The alkali lakes of the Natron Valley provided the Ancient Egyptians with the sodium bicarbonate used in mummification and in Egyptian faience, by the Romans as a flux for glass making. The desolate region became one of Christianity's most sacred areas; the desert fathers and cenobitic monastic communities used the desert's solitude and privations to develop self-discipline. Hermit monks believed that desert life would teach them to eschew the things of this world and follow God's call. Between the 4th and 7th century A. D. hundreds of thousands of people from the world over joined the hundreds of Christian monasteries in the Nitrian Desert, centered on Nitria and Scetis. Saint Macarius of Egypt first came to Scetis around 330 AD where he established a solitary monastic site, his reputation attracted a loose band of anchorites and monks who settled nearby in individual cells. Many of them came from nearby Nitria and Kellia where they had previous experience in solitary desert living. By the end of the fourth century, four distinct communities had developed: Baramus, Macarius and John Kolobos.
At first these communities were groupings of cells centered on a communal church and facilities, but enclosed walls and watchtowers developed over time and in response to raids from desert nomads. Nitria and Scellis experienced internal fractures related to doctrinal disputes in Egypt; the monasteries flourished during the Muslim conquest of Egypt, but in the eighth and ninth centuries taxation and administration concerns led to conflicts with the Muslim government. Nitria and Kellia were abandoned in the 7th and 9th centuries but Scetis continued throughout the Medieval period. Although some of the individual monasteries were abandoned or destroyed, four have remained in use to the present day: Monastery of Saint Macarius the Great Paromeos Monastery Monastery of Saint Pishoy Syrian MonasteryThe Egyptian Salt and Soda Company Railway was built at the end of the 19th century as a 33 miles long narrow gauge railway with a gauge of 750 mm, which attracted the first tourists to the wadi; some of the most renowned saints of the region include the various Desert Fathers, including Saint Amun, Saint Arsenius, Saint John the Dwarf, Saint Macarius of Egypt, Saint Macarius of Alexandria, Saint Moses the Black, Saint Pishoy, Sts.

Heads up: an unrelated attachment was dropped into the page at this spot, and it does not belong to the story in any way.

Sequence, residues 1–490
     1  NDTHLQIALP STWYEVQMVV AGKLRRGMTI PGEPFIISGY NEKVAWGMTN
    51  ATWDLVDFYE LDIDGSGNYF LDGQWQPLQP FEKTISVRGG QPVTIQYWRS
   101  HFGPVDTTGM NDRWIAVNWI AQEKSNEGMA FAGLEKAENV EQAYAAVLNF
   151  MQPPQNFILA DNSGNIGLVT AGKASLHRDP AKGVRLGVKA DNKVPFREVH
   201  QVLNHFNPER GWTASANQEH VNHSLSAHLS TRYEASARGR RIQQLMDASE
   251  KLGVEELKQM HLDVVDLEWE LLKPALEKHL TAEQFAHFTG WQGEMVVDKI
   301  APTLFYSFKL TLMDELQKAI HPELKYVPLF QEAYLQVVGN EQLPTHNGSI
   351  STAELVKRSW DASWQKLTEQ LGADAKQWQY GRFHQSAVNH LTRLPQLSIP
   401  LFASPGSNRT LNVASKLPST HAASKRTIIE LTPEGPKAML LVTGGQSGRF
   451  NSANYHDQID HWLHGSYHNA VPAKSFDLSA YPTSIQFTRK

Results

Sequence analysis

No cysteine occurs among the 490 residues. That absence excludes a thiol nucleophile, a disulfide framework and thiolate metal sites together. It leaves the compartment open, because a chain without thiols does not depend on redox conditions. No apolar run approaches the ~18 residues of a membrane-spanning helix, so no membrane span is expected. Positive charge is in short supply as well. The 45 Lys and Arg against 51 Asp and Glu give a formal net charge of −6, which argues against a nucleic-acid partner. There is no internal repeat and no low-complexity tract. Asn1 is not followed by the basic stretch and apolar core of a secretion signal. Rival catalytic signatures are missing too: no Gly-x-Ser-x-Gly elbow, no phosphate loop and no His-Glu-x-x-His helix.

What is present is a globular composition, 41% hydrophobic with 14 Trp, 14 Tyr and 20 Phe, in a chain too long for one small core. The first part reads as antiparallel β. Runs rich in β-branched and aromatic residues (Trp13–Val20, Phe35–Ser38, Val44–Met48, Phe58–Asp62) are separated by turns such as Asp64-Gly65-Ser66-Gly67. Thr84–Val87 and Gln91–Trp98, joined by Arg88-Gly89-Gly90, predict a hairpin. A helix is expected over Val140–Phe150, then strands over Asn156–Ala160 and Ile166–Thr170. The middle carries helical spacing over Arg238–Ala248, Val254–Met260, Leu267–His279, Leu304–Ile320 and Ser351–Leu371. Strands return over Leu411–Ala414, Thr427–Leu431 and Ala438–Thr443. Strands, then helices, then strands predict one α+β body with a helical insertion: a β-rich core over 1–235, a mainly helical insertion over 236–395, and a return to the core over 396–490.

Maximos and Domatios, Saint Poimen The Great and Saint Samuel the Confessor. The environs of Wadi Natrun have been identified as the site of where the plane of French aviator Antoine de Saint-Exupéry crashed on December 30, 1935. After miraculously surviving the crash, he and his plane's mechanic nearly died of thirst before being rescued by a nomad. Saint-Exupéry documented his experience in his book "Wind and Stars"; the event is thought to have inspired his masterpiece, "The Little Prince". Skete Door of Prophecies M. Cappozzo, I monasteri del deserto di Scete, Todi 2009; the monasteries of the Arab Desert and Wadi Natrun UNESCO World Heritage Centre 1992-2012